She said parolees and those on probation are mostly uninsured and must wait for an indigent care opening into a program, which often is longer than six weeks, and that most care provided in those situations is uncompensated, which keeps providers from meeting the demand for services.
Paquette said that increasing access to treatment is a major priority, which full funding of the state's Alcohol Fund and expanding Medicaid coverage would help accomplish.
She singled out State Senator Jeanie Forrester of Meredith for having raised awareness among her colleagues of the Alcohol Fund, which is supposed to be paid for by a tax on alcohol sales but has never been fully funded.
Paquette said that strong leadership and a focused community response which includes public-private collaboration are needed to bring the alcohol abuse problem under control. She said a recent study by economist Brian Gottlob estimated the economic impact of excessive alcohol consumption is $1.15 billion a year.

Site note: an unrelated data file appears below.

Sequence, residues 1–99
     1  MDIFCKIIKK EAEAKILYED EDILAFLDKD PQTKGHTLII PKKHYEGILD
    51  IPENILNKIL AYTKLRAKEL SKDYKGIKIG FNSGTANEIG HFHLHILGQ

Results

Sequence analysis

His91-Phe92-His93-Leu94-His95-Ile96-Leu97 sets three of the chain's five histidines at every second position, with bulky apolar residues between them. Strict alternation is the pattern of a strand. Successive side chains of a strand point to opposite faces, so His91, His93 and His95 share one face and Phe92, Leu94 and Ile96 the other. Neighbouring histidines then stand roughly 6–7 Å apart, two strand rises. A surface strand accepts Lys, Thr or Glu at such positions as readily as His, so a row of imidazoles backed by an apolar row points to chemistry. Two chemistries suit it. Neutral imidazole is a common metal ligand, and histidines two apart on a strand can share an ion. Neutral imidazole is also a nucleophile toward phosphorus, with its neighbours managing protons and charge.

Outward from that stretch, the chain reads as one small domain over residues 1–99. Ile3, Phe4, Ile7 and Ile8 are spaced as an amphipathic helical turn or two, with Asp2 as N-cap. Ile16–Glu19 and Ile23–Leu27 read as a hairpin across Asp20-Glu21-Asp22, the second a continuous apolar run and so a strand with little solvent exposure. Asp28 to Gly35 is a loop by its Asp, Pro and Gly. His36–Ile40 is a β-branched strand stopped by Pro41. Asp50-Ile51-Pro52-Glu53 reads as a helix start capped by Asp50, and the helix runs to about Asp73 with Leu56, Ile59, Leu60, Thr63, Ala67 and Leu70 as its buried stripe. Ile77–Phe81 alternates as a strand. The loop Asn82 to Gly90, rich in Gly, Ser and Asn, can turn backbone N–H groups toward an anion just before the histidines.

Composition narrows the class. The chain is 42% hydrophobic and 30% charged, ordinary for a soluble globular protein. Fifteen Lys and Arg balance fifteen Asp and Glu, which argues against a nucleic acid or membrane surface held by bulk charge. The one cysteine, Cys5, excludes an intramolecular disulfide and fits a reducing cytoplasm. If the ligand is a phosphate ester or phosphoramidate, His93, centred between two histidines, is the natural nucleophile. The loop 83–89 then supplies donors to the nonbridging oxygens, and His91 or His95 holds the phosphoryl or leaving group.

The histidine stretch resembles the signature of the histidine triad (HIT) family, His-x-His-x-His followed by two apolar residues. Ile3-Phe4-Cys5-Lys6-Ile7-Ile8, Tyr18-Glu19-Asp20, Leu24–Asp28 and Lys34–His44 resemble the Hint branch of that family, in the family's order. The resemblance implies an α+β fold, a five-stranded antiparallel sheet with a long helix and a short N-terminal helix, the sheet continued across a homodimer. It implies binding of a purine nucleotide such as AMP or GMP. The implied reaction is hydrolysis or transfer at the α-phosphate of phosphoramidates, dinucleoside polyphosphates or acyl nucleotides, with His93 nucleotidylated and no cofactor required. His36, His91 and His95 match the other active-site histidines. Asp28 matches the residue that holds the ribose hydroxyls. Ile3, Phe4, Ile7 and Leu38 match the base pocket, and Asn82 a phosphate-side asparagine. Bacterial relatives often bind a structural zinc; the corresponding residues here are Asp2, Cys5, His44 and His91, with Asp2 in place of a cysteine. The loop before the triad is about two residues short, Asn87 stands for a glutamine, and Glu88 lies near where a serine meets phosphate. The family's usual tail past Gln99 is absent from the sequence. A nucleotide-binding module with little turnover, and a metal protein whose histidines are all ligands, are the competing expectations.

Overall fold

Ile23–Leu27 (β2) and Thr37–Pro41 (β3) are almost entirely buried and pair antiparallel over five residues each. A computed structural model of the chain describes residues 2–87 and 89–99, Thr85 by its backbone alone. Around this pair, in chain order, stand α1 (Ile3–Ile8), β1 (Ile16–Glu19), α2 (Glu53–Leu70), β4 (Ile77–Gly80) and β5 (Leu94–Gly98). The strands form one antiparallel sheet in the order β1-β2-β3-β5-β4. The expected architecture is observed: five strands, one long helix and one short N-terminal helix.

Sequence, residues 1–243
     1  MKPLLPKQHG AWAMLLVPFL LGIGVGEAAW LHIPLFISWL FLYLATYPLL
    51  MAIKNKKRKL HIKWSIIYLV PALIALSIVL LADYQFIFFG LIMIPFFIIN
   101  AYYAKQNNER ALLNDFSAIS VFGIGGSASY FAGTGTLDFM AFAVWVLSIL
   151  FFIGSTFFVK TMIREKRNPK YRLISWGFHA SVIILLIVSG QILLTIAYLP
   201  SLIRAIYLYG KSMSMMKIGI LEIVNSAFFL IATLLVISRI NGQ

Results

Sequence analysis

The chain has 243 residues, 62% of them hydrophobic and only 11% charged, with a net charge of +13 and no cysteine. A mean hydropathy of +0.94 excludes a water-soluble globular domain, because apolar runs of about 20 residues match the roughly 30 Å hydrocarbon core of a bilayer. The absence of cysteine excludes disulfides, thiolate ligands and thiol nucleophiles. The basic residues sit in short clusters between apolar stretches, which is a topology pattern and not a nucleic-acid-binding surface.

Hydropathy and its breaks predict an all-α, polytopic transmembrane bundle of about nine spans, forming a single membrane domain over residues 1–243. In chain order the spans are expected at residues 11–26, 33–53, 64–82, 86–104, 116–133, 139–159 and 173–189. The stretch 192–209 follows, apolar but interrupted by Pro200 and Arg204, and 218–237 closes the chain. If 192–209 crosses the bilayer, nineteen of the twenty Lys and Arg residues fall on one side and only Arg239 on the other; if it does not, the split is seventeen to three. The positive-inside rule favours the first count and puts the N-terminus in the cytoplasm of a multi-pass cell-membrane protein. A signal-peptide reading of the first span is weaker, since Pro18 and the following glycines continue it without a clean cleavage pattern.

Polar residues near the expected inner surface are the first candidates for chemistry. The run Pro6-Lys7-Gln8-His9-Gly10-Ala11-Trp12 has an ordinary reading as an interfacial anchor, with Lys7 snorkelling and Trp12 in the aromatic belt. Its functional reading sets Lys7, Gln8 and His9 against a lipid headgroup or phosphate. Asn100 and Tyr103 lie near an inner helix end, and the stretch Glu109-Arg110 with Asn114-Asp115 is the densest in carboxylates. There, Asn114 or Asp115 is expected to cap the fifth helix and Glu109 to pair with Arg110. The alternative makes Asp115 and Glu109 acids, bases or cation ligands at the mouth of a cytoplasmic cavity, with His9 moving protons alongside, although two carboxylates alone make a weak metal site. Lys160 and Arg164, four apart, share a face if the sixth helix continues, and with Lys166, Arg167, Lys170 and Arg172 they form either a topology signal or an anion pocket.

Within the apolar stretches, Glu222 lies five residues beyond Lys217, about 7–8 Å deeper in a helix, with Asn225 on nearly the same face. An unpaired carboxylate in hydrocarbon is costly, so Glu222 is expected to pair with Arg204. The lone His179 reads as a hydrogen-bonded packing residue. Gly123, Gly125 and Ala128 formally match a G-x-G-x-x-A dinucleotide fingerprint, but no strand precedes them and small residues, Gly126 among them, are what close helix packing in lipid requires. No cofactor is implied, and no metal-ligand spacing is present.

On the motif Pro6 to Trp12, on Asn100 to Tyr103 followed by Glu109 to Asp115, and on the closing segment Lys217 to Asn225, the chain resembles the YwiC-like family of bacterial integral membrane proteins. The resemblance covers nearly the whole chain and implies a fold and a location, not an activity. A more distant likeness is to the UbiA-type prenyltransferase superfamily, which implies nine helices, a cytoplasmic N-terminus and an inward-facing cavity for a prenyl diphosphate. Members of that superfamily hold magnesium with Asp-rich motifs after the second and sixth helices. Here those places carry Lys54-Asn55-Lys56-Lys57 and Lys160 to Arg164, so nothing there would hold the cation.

The organization presented its first annual Public Health Champion Awards. Winners were:
Workplace - Meredith Village Savings Bank
Community - Lakes Region Food Network
Individual – Richard and Carol Wallace of Alton.
The Lakes Region Partnership for Public Health was presented with the Military Leadership Award from Jo Moncher, bureau chief of community-based military programs for the NH Department of Health and Human Services, for its work on behalf of military families.
Caption for PPHaward pix
Lisa Morris, executive director of the Lakes Region Partnership for Public Health, and Sally Minkow, president of the board of directors of the LRPPH, accept the Military Leadership Award from Jo Moncher, bureau chief of community-based military programs for the NH Department of Health and Human Services. The organization was honored for its work on behalf of New Hampshire military service personnel. (Roger Amsden/for The Laconia Daily Sun)
Last Updated on Friday, 27 September 2013 02:45